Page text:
I dialed it down to trees, and asked how he'd print the nodes of a well-formed binary tree, and drew one. We talked about tree properties a bit, and he didn't know any of the math behind them. Even when I drew a tree on the board to depth 5, he took a long time to figure out that the size at depth N is 2N-1, and he said he still wasn't sure. Then I asked what the mathematical inverse of 2N is, and even gave him some example numbers. He guessed it was some nth-root or square-root function. I asked if it was, in fact, log2(N), and he thought that sounded closer to the right answer.

I asked him to print the nodes of an n-ary tree, and that confused him (even when I drew it), so I had him do a binary tree, and he vaguely remembered that you "go down the left path until you can't any more, then do the right side". But he couldn't express the algorithm more clearly than that. I asked if he'd do it in a loop, and he didn't know for sure. I asked if he could do it recursively, and he brightened up — clearly he remembered that recursion was a "magic word" associated with his recollection of the traversal algorithm. He said he hadn't been thinking of recursion when he was trying to solve it. But then he couldn't tell me (much) about how it works, nor could he express the algorithm any more concretely.

I asked him if there are more or less standard, well-known tree-traversal algorithms that he could look up online. He just frowned and hemmed and hawed. He really didn't want to answer, so I didn't make him.

I asked if recursion and iteration are equivalent, phrasing the question in different ways. He wasn't entirely sure, but he seemed to remember hearing the answer was "yes" at one point.

(end feedback)


All of these questions could have been asked in the phone screen. I never made him to go to the whiteboard, so my interview didn't need to be conducted in person. If he had been asked the five essential phone screen questions, we wouldn't have needed to spend the money and time to fly him out here, put him in a fancy hotel, and have five people interview him.

We need to get better at phone-screening people.

Phone screens are hard, but doing them right can save us a lot of wasted time and money. It's important to remember to cover the basics when you screen someone. You can't assume they know the fundamentals just because they've worked on big, fancy-sounding projects.

(Published Jan 17th, 2005)


I'm amazed at how many questions he managed to bomb in only 20 minutes. My experience is that after a candidate bombs several questions in a row, I find it very hard to cut a line off to ask something new without sounding like I've made up my mind. Any key phrases to keep things moving along (and avoiding letting the candidate waste both our time digging a hole)?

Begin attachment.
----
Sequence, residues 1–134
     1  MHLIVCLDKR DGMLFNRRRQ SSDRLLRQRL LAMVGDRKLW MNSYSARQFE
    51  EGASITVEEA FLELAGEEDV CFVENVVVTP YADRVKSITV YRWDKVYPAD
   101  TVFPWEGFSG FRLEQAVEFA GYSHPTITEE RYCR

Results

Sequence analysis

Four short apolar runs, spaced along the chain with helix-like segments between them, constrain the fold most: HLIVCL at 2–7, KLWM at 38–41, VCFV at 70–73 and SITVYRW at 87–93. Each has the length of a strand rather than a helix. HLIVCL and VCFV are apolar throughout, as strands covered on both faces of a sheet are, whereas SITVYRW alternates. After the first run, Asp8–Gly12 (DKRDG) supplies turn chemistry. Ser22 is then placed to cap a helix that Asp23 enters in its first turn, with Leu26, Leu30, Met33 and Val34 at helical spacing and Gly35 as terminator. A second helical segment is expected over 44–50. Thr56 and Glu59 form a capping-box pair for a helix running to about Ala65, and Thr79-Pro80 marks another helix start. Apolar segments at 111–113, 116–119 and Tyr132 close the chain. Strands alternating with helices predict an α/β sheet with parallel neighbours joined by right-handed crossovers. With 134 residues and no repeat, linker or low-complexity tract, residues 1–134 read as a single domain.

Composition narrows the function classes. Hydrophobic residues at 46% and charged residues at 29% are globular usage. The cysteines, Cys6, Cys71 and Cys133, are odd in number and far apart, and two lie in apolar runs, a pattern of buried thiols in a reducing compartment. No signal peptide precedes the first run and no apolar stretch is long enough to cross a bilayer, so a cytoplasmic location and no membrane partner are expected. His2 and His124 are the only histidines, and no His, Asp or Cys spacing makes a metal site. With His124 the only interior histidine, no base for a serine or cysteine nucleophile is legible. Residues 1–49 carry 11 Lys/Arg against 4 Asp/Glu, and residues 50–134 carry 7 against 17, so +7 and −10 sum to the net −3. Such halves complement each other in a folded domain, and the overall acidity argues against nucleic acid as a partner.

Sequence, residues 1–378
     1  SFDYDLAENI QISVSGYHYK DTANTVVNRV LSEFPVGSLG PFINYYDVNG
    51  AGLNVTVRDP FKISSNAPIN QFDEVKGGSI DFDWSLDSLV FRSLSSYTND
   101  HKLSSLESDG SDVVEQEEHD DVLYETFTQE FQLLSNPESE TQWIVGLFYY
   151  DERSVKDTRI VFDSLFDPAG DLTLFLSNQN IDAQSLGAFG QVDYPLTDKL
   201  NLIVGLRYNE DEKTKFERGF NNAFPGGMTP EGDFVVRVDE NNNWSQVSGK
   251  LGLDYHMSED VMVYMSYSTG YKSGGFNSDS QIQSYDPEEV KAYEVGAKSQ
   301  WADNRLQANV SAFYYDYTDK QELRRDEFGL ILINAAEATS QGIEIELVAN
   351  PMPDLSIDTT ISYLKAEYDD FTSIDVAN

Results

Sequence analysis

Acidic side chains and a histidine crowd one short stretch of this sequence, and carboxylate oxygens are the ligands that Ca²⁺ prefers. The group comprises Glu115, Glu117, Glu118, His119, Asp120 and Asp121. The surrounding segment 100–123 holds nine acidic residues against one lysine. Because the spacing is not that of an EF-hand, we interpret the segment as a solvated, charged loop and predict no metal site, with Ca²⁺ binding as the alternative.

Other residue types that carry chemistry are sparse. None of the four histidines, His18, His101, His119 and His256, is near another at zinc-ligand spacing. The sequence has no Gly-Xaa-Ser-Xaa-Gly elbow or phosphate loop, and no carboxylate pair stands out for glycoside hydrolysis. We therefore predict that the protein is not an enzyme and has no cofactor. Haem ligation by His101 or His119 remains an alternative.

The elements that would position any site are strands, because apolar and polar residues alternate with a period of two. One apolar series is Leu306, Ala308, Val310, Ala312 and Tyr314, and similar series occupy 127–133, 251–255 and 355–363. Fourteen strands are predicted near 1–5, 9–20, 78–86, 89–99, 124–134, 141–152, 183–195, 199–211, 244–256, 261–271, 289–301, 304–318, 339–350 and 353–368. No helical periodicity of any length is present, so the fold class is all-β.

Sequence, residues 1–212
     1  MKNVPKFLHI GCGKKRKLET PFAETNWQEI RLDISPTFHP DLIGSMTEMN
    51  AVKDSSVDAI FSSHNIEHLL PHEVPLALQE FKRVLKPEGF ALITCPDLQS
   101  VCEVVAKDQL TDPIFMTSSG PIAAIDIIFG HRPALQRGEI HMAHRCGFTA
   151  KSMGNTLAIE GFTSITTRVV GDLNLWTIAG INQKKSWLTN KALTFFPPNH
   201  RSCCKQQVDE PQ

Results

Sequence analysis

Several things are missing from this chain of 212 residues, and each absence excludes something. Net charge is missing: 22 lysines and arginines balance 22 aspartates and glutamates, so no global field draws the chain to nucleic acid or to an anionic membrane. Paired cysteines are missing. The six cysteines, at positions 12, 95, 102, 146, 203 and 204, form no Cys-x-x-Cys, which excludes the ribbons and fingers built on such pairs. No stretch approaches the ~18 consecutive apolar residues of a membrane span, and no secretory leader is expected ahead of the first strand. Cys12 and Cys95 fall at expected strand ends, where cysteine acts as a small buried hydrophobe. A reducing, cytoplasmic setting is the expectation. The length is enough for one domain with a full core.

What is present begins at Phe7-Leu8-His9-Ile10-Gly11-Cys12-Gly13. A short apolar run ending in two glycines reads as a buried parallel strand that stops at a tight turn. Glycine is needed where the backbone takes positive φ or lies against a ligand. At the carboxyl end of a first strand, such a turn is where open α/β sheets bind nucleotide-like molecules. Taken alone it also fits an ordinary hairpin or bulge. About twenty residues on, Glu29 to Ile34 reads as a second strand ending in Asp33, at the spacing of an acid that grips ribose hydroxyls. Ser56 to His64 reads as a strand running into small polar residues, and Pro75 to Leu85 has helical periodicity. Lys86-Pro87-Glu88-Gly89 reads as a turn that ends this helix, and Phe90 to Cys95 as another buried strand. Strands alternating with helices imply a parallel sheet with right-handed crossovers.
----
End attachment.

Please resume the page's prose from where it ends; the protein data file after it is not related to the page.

Posted by: Ami F. at January 18, 2005 04:59 AM

Now I'm curious to see what the phone screen feedback was like.

But you've hit on a strong point here: SDE training needs to include training on how to identify and select quality SDEs.

We have a limited amount of recruiting training and process documentation. But it's all very high level, and none of it is geared towards technical interviewing.

Combined with our disposition for one-on-one interviews, and our systemic lack of pre-interview strategizing, and you end up with engineers being plopped down in rooms, or on phones, with no clue about how to run an interview, good kinds of questions to ask, or even what they're looking for.

We carp on people for not doing adequate phone screening, but I'd maintain that phone screens are the hardest part of the interview process, and that it's hard to run one well unless you've got extensive in-person interviewing experience. Phone screens flow differently, and you have to work harder to corral the candidate.

What we really need is a strong progression of interviewing skills training:

    • Lecture/training materials to introduce the interview process, guide engineers on technical skills assessment, and set in their minds what our bars are for the various SDE positions.

    • Pair in-person interviewing, with an experienced interviewer (bar raiser?).

    • Solo in-person interviewing (although my personal opinion is that we should abolish this entirely).

    • Pair/team phone screens (more of a leader/monitor type situation, though).

    • Solo phone screens.

I guess my point is that we shouldn't be having green SDEs be doing phone screens here.


Posted by: Jon M at January 19, 2005 07:29 PM

My first reaction reading this is that the person on the phone screen isn't the same as the one who flew in. Any guesses on what the rate of this happening is?

Posted by: Albert W. at January 19, 2005 10:55 PM

Doesn't seem surprising. Don't most people just suck at most things?

I've seen cases here where a hiring manager will bring in a sub-par candidate just because the manager thought the team needed that body that badly.


I'm not sure I want to work at a company that does that kind of thing.

Posted by: Andrew W. at January 19, 2005 11:39 PM

I just recently brought in a candidate like this... (it was my 2nd phone screen so I think I deserve some slack :) )...

I was trying hard to do the right thing in the phone screen, I even had this particular blog open on my laptop at the time! I'd like like to echo that I think there needs to be some training associated with this process... The last two times I've phone screened I felt like I'm made major mistakes... The first one didn't go well, and I'm confident not bringing him in was the right move, it was stressful... And the second one bombed the loop.

I'd stress that, for anyone new to phone screens to really carefully prepare for it, and read all the material on the intranet and in this blog really carefully...

Posted by: Ben B. at January 25, 2005 09:12 PM